How do we study a system whose fundamental equations, like the equations of motion in mechanics, are not available, and how do we describe a system whose dynamics spread across a hierarchical spatiotemporal scales? Such systems can be found ubiquitously at the molecular and cellular levels. We are now developing the mathematical theory of data-driven science, in which the state-space networks, dynamics and energy landscapes are extracted directly from time series data of molecular and cellular systems. Our data-driven modeling techniques are built on the contemporary developments of information theory and discrete mathematics. On the other hand, by generalizing the notion of hyperbolic fixed points developed in dynamical systems we are now developing a new theory that enables us to analytically predict the outcome of chemical reactions. In both subjects we are expanding the collaborations with experimentalists from domestic and overseas.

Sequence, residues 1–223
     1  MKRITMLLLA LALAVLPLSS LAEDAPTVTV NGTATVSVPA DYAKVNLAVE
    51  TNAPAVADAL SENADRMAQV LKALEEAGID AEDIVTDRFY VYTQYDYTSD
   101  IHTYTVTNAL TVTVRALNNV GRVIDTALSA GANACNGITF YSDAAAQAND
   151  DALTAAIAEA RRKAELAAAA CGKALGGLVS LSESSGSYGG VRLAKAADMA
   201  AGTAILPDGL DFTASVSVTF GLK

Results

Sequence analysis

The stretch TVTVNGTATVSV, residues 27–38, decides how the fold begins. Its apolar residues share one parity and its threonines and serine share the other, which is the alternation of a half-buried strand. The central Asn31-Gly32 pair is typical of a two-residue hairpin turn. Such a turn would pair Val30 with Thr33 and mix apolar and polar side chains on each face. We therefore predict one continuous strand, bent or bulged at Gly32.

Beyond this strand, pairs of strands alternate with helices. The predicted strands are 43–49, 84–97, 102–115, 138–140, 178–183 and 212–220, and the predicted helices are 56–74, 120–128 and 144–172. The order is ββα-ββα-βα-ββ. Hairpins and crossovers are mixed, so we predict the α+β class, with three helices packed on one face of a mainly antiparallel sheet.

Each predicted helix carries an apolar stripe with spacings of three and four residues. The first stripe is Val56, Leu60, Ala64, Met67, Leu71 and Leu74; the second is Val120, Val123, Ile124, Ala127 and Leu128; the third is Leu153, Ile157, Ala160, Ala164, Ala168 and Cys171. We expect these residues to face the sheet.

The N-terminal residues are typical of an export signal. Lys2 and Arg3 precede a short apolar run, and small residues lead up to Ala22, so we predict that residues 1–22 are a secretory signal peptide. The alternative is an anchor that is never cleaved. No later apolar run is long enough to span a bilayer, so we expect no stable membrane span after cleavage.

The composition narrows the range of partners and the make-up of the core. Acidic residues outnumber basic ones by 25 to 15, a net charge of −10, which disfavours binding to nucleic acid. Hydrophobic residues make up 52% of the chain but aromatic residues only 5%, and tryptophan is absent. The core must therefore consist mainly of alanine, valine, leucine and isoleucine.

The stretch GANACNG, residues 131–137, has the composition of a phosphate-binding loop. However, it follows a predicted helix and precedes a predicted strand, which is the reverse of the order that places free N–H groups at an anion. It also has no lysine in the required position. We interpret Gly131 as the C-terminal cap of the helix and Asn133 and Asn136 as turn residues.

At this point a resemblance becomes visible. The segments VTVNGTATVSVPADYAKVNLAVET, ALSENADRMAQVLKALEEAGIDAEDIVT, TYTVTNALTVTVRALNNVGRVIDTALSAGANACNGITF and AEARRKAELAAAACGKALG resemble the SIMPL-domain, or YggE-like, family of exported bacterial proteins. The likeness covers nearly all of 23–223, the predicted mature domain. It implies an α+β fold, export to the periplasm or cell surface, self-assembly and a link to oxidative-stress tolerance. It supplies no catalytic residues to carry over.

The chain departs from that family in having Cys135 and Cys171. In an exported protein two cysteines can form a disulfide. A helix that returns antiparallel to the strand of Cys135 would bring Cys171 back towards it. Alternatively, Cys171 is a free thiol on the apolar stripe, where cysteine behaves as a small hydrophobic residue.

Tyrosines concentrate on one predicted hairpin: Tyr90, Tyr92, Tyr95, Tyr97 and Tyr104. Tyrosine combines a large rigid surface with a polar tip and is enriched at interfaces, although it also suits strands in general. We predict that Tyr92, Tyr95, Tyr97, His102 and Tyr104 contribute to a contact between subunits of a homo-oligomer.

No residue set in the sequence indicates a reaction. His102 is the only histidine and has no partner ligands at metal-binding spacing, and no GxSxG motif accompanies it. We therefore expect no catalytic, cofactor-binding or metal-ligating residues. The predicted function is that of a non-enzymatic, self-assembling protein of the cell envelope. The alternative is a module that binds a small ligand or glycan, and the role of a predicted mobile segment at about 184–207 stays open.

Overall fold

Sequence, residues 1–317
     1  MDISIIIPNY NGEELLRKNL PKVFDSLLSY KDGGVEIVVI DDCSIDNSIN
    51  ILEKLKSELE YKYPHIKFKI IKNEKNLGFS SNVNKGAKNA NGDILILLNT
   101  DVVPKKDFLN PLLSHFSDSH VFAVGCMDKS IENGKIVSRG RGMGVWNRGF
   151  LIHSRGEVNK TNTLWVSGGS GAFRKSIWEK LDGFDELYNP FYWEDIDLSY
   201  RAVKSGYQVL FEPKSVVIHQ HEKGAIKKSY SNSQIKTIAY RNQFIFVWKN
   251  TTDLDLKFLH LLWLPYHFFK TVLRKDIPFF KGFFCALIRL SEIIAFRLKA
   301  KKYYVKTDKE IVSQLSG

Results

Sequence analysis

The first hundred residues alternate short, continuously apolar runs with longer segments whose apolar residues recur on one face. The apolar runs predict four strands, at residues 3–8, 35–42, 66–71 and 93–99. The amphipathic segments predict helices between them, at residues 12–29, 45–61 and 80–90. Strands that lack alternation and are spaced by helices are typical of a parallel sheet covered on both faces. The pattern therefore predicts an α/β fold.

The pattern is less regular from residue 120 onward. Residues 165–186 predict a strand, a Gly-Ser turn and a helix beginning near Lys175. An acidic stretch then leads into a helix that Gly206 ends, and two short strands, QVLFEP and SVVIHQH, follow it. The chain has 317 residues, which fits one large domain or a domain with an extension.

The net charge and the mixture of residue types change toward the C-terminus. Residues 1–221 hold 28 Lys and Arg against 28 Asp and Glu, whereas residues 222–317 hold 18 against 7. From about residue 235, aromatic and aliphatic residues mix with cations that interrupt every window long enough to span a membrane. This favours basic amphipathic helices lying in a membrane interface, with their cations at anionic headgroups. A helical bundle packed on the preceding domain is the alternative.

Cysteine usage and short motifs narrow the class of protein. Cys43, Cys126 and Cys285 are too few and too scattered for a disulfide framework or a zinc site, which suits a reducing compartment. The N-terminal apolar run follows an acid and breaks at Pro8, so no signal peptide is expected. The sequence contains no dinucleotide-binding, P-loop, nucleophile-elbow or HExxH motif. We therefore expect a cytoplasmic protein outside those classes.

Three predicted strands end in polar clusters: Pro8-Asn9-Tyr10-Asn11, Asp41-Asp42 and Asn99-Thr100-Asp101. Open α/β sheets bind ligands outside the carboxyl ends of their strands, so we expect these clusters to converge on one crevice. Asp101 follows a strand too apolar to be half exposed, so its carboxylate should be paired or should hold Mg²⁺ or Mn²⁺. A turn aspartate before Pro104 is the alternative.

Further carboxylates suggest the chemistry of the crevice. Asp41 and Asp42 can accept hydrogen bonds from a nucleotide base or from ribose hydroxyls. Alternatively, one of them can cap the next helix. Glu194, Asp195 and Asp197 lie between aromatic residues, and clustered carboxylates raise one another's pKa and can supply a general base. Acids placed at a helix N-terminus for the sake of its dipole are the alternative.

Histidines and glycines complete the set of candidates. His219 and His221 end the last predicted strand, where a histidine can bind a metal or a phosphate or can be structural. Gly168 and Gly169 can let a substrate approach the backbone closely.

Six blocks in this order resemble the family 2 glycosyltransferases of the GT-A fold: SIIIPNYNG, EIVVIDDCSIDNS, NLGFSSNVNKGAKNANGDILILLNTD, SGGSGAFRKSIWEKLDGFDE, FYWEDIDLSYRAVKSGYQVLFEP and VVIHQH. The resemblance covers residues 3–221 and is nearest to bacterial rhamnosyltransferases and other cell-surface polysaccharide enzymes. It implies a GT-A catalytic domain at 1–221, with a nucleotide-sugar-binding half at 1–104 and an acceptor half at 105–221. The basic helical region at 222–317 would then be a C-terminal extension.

Homepage of Laboratory of Molecule & Life Nonlinear Science

Recent papers

- Hiroshi Teramoto, Mikito Toda, Masahiko Takahashi, Hirohiko Kono, and Tamiki Komatsuzaki, “Mechanism and Experimental Observability of Global Switching Between Reactive and Nonreactive Coordinates at High Total Energies”,
**Physical Review Letters****115**, 093003 (5 pages) (2015) - Hiroshi Teramoto, Mikito Toda, Tamiki Komatsuzaki, “Breakdown Mechanism of Normally Hyperbolic Invariant Manifold in terms of unstable periodic orbits and homoclinic/heteroclinic orbits in Hamiltonian Systems”
**Nonlinearity**,**28**, 2677–2698 (2015) - N. Taylor, C.-B. Li, D. Cooper, C. F. Landes, T. Komatsuzaki, “Error-based Extraction of States and Energy Landscapes from Experimental Single-Molecule Time-Series”
**Scientific Reports 5**, 9174 (9 pages) (2015) - Hiroshi Teramoto, George Haller, Tamiki Komatsuzaki, “Detecting invariant manifolds as stationary Lagrangian coherent structures in autonomous dynamical systems”
**Chaos****23**, 043107 (12 pages) (2013) - Chun-Biu Li, Tamiki Komatsuzaki, “Aggregated Markov Model Using Time Series of Single Molecule Dwell Times with Minimum Excessive Information”
**Physical Review Letters****111**, 58301 (5 pages) (2013)